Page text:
I do believe that part of this impulse to explain the books as “superior” than films is rooted in a bit of elitism; that the people who express the “superiority” or the book over the film is a desire to boost the ego by professing that there is a difference between the medium experiences of “reading” and “watching.” Considering this attitude, I wondered about Marshall McLuhan, and it may be best to just cite the man directly. In case you don’t know who he is, he’s that dude who pops out from behind the sign in Annie Hall when Alvy’s having the argument with the media professor during his fourth-wall break. If you’ve never seen Annie Hall that’s probably because you enjoy your life. Marshall McLuhan was a philosopher and writer who explored how human beings interact with media, specifically how their minds work in relation to media whether it be movies, comics, books, television, radio, automobiles, etc. His book Understanding Media: The Extensions of Man was an eye opening experience and I would highly recommend it. In one passage he explains the nature of film against the nature of writing:
In terms of other media such as the printed page, film has the power to convey a great deal of information. In an instant it presents a scene of landscape with figures that would require several pages of prose to describe. In the next instant it repeats, and can go on repeating this detailed information. The writer, on the other hand, has no means of holding a mass of detail before his reader in a large bloc[sic] or gestalt. As the photograph urged the painter in the direction of the abstract, sculptural art, so the film has confirmed the writer in verbal economy and depth symbolism where film cannot rival him. (252).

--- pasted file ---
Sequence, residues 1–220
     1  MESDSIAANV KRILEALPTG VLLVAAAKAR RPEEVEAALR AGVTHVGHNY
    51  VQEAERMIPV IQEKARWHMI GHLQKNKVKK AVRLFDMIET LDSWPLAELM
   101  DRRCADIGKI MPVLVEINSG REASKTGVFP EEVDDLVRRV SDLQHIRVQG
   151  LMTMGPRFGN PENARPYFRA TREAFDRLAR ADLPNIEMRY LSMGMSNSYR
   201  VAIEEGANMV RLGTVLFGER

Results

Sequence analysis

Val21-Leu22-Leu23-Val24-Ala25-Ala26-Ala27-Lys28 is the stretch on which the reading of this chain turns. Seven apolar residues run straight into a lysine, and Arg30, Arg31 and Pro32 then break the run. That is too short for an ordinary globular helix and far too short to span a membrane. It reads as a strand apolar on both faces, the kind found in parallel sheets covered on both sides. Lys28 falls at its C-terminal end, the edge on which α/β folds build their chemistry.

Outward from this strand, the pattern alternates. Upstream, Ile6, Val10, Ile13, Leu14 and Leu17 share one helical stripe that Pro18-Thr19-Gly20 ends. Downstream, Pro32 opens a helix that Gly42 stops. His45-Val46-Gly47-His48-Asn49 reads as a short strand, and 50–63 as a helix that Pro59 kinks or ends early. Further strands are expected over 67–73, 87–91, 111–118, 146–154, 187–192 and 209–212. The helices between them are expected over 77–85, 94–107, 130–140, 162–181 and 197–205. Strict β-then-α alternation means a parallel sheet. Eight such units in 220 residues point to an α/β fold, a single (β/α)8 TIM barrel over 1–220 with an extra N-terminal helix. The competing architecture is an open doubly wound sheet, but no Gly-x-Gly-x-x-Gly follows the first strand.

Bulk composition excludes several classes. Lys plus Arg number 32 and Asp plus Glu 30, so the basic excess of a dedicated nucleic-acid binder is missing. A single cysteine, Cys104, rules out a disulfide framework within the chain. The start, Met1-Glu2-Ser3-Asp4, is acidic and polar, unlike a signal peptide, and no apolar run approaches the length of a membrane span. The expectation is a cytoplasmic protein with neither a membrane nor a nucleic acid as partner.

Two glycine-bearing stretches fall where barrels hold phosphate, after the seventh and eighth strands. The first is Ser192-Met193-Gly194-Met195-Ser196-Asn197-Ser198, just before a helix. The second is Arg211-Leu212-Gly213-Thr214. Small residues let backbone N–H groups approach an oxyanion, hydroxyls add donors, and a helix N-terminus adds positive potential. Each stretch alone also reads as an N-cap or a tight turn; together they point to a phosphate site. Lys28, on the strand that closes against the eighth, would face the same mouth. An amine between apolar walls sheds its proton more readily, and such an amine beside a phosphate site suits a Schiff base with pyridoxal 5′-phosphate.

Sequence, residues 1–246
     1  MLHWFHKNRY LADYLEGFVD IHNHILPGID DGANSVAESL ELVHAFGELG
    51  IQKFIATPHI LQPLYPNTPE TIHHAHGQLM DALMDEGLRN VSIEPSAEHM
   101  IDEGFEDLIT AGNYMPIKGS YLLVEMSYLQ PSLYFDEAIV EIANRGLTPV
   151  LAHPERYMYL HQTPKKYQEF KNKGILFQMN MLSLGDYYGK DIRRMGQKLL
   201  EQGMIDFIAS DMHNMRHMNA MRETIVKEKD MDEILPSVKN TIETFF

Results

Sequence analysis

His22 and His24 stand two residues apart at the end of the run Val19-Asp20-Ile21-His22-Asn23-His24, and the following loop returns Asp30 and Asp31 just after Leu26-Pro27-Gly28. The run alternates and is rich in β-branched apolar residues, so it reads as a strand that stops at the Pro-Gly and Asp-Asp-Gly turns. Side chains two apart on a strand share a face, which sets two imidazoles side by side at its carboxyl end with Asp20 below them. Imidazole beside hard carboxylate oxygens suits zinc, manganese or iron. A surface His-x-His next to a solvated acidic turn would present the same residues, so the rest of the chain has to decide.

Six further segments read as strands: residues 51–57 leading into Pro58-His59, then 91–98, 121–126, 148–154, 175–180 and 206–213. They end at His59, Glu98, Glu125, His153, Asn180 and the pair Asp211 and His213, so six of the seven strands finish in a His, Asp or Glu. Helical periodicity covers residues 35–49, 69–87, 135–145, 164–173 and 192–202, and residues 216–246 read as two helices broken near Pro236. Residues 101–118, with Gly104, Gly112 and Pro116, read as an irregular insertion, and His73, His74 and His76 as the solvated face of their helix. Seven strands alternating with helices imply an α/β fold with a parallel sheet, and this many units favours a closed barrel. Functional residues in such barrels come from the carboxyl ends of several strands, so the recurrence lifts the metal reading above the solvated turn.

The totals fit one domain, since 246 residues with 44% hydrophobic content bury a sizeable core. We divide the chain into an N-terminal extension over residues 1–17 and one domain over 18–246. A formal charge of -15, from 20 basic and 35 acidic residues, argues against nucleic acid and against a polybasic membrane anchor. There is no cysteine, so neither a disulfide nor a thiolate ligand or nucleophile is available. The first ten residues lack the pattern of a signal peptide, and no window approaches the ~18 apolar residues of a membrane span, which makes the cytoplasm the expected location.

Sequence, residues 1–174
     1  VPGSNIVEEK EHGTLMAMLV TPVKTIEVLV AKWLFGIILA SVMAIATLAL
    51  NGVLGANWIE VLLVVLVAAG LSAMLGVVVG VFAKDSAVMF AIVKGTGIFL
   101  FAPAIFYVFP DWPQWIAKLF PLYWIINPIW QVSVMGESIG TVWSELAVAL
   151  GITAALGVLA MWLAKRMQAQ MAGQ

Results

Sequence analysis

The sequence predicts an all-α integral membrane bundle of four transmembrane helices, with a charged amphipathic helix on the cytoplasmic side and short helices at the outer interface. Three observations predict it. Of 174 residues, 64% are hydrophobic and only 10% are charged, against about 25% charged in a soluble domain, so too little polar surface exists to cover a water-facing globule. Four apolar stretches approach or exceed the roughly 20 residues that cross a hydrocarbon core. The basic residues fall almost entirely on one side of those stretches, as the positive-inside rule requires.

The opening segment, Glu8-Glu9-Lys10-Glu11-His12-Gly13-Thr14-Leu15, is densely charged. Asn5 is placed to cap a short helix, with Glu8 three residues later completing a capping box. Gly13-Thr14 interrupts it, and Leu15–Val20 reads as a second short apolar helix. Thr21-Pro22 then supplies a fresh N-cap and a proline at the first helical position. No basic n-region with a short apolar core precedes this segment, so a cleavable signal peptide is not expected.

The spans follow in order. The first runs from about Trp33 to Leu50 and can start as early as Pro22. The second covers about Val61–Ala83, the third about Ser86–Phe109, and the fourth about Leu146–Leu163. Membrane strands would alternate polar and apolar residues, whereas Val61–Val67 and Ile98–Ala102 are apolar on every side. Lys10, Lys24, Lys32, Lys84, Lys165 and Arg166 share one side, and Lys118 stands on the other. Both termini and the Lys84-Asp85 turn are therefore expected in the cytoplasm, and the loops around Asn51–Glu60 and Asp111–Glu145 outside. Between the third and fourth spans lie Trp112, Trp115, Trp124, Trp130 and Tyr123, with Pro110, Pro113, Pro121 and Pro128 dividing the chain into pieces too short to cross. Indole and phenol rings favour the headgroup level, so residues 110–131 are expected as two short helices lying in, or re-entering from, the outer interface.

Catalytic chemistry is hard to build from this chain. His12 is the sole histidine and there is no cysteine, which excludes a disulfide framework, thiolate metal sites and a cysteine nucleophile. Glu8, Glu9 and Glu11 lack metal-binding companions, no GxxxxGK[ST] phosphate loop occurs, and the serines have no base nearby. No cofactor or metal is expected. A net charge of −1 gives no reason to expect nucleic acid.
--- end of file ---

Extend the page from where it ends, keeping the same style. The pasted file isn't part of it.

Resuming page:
Looking back to Harry Potter for a moment this is certainly true. In the fifth book, Harry Potter and The Order of the Phoenix, the character Luna Lovegood, who was a secret crush of mine for years for the record, produced a magically enhanced “lion-hat” to wear during the Quidditch games when Gryffindor and Slytherin were playing. J.K. Rowling gives a description of the hat: